• • •American Bitterns walk through the grass at an agonizingly slow pace, pausing for long intervals between each step, seemingly out of an abundance of caution. Their long necks typically stretch out first before their bodies follow, and they may even pause midway with one foot in the air.
When startled, they freeze, with their neck and long bill pointing straight up, sometimes swaying gently, like reeds in the wind. The American Bittern’s deliberate movements combine with effective camouflage to make it almost undetectable in the brown winter vegetation. Its body is a mottled brown, and its neck is painted with brown vertical stripes like the strands of surrounding grass.
The one time it moves quickly is when it is striking at prey, such as small fish, lizards, frogs, insects and even small mammals. It flies, but not in an elegant way.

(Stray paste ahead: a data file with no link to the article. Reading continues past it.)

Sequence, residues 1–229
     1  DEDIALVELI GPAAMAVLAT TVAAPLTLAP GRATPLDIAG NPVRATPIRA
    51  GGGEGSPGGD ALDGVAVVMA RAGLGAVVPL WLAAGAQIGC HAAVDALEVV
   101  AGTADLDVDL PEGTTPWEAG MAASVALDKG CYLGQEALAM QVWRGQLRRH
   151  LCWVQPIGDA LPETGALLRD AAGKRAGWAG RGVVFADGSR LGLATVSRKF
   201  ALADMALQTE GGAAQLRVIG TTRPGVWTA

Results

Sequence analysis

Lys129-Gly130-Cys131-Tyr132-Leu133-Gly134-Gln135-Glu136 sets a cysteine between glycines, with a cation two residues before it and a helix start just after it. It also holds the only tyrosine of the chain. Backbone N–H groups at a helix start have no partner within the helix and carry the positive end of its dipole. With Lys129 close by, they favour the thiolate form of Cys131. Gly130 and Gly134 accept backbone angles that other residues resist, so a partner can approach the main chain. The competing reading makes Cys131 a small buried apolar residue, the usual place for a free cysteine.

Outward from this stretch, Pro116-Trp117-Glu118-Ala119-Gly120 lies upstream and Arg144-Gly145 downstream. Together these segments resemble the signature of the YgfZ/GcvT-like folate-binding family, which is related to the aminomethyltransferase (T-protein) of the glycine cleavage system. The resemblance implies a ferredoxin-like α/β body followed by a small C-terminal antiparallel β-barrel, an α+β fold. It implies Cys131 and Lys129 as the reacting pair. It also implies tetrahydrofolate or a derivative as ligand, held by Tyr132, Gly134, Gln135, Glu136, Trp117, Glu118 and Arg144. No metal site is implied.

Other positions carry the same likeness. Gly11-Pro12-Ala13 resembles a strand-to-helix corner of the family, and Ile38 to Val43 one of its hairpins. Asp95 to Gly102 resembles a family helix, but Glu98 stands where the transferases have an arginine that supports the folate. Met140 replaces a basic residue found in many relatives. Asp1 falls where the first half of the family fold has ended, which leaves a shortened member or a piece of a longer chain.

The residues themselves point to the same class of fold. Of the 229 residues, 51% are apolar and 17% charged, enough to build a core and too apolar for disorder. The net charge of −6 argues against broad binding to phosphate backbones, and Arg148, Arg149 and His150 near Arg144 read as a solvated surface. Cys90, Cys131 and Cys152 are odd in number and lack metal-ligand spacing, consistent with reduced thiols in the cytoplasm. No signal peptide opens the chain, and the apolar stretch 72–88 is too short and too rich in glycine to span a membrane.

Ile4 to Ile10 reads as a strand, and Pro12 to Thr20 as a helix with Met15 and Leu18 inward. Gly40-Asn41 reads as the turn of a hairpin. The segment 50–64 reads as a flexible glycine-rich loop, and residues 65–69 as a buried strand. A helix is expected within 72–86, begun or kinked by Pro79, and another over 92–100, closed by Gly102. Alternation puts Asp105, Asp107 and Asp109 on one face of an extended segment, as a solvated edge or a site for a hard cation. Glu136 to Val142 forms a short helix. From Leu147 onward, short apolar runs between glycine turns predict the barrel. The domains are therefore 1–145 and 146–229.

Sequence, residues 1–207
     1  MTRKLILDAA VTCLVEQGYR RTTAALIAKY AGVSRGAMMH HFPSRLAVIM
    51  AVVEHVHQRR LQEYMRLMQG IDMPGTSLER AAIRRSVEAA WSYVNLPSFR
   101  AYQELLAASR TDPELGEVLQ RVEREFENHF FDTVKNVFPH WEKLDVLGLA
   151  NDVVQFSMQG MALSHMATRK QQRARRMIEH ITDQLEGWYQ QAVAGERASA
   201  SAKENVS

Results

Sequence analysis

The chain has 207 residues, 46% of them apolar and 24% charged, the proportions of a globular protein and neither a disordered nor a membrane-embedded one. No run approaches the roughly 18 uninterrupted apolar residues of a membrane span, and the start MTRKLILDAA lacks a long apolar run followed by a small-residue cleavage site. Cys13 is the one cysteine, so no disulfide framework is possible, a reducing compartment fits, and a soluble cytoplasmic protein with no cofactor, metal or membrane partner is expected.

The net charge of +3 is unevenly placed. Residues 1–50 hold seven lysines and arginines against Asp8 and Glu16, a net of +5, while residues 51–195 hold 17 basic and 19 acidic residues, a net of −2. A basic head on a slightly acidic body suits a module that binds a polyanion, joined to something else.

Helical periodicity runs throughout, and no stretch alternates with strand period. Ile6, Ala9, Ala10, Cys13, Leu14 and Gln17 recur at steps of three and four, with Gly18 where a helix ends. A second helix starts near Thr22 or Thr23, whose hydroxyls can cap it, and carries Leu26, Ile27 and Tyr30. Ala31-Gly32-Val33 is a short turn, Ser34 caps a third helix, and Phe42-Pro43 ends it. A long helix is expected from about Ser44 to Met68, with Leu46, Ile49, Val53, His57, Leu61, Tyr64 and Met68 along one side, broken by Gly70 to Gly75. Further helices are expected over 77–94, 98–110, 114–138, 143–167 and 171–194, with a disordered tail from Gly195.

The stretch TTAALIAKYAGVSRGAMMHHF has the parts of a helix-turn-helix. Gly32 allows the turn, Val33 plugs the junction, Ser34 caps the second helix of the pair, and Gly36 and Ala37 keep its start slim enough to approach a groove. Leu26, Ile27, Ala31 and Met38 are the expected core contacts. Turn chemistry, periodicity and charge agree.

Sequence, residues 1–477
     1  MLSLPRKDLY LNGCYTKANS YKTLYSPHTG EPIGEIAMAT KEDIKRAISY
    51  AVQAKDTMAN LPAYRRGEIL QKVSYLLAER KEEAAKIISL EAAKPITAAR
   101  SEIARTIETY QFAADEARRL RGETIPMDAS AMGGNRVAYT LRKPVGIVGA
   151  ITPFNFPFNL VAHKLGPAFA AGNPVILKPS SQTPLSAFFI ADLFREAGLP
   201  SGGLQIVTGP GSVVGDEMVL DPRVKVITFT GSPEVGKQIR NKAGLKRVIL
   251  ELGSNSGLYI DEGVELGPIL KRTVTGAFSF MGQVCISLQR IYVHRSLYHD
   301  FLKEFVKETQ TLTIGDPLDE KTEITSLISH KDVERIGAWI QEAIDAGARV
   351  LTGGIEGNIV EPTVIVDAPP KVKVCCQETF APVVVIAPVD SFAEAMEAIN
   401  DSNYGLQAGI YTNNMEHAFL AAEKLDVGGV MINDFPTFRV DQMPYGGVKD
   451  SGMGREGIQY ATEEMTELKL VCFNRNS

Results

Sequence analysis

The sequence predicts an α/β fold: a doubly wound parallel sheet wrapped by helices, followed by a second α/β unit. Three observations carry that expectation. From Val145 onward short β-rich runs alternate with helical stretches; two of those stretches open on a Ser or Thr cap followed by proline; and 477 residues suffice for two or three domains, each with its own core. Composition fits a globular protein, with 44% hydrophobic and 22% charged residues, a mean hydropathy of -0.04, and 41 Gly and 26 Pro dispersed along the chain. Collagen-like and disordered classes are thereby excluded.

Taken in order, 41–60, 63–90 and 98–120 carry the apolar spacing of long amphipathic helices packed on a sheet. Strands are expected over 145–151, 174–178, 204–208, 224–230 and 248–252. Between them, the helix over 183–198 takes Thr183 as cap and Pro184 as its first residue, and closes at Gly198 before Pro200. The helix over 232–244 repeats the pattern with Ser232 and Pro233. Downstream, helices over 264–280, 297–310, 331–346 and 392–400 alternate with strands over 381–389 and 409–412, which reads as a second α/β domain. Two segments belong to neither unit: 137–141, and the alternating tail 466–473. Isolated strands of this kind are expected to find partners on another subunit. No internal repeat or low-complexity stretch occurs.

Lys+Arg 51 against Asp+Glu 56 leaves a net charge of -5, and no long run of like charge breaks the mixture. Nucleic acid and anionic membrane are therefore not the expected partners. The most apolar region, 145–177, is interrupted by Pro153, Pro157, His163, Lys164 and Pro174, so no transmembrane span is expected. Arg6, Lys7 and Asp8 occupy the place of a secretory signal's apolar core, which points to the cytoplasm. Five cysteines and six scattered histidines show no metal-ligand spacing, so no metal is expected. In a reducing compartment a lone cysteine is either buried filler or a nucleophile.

American Bitterns are winter visitors to the Gulf Coast. They migrate to the northern plains and Canada to mate in the summer.
February 22, 2008
I was leaning over the railing by the boardwalk at the Brazoria National Wildlife Refuge when an American Bittern visually jumped out from forest of brown reeds in front of me the way the picture suddenly emerges from one of those Magic Eye puzzles. If I looked away for a moment, it was hard to see it again, even though I was just a few yards away. Of course, it saw me long ago and was frozen in place, its head pointing upward. I watched it for a while, but it was like watching grass grow, and I suppose that was its strategy.